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No Home Left Behind

As a former Navy Seal, Comcast Cable president Neil Smit could likely snap a man’s arm like a bread stick.

So I listened intently when I sat down with Smit several weeks ago during a visit to Comcast, and he mentioned one word over and over like a mantra: innovate.

He was trying to explain to a few editors and reporters how the pace of innovation is his singular focus at the company these days, and how the results speak for themselves. Comcast has unveiled new navigation guides, faster speeds and a growing list of new services to allow voice, video and data over new platforms - all in the past few quarters.

Todd Spangler puts the innovations of Comcast - and the industry writ large - under a spotlight in this week’s Cover Story, noting a new momentum in the cable industry’s efforts to keep up with consumers’ mercurial digital demands.

Recalling Smit’s words later at the Cable Show in Chicago, I was blown away by CEO Brian Roberts’ demo of the Webconnected, personalized “Xcalibur” TV guide, and left speechless when, a few minutes later, he downloaded 23 episodes of 30 Rock in less than two minutes, and then staged a demonstration of 100 Mbps DOCSIS service - upstream and downstream.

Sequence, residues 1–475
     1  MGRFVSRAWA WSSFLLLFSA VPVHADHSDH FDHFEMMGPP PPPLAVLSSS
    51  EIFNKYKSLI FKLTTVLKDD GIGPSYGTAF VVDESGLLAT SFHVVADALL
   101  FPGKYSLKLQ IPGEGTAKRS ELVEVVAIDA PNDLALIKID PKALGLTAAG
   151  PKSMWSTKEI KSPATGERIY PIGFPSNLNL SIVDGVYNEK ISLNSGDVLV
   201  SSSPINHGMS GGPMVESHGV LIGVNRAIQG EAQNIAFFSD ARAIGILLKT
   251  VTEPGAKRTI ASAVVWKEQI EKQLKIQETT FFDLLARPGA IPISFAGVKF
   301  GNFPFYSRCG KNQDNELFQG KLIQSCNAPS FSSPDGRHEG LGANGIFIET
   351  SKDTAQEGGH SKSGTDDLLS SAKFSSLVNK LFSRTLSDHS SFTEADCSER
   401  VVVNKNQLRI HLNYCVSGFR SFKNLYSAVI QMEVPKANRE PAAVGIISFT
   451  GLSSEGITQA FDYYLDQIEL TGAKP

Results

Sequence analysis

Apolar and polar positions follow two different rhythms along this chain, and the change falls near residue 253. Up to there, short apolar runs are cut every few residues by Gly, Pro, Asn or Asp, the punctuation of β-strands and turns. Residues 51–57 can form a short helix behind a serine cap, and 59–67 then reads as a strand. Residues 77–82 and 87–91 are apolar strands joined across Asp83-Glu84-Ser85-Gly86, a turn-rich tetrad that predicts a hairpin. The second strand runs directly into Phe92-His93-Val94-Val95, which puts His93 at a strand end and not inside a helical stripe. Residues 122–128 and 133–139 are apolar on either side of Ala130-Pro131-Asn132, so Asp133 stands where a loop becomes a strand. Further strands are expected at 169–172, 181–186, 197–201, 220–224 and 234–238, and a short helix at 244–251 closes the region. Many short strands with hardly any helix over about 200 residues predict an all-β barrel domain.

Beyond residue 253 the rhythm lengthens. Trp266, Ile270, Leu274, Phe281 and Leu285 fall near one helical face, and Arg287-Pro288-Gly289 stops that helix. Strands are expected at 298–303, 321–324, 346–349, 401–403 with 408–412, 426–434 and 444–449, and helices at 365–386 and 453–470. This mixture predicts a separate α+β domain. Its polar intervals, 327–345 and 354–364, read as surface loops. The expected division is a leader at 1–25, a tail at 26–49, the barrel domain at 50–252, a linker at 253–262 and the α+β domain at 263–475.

But I was reminded in a phone call back home to my father that same day that for all the innovative, eye-popping new services unveiled by cable operators, there’s a vast swath of U.S. consumers in rural areas that will never experience anything close to this anytime soon.

My father lives in rural Louisiana, just outside the reasonable reach of a big cable operator, with a dial-up service that forces him to wait several minutes even for a small photo - and that’s when the service is running.

He’s one of about 28% of rural U.S. residents that still lack access to the kind of broadband that most Americans take for granted, according to the FCC’s rural broadband update released last week.

It’s not acceptable, and the FCC - more so than cable operators - needs to do more, faster, to reduce barriers to broadband deployment.

For example, cable operators, through the NCTA, rightly argue that the Universal Service Fund, meant to subsidize phone service where none was available, no longer reflects the marketplace and needs major overhaul. NCTA claims the FCC is providing billions of dollars in subsidies to phone companies where they have unsubsidized competitors.

And while cable operators respectfully disagree with the FCC’s conclusion that the rate of broadband deployment is too slow, citing the billions spent on broadband buildout, they can’t deny that much more remains to be done in rural areas.

Under the National Broadband Plan, the FCC plans to migrate the USF from phone to broadband, lower pole-attachment fees and seek more market-driven solutions for rural deployment. The FCC is also proposing reforms to its low-income programs, which will benefit those in rural areas.

But if cable operators are ever to achieve the lofty goals - and speeds - set by the FCC, particularly in areas that are geographically undesirable or unprofi table, they’ll need more, and better-targeted, help from government. The sooner the better.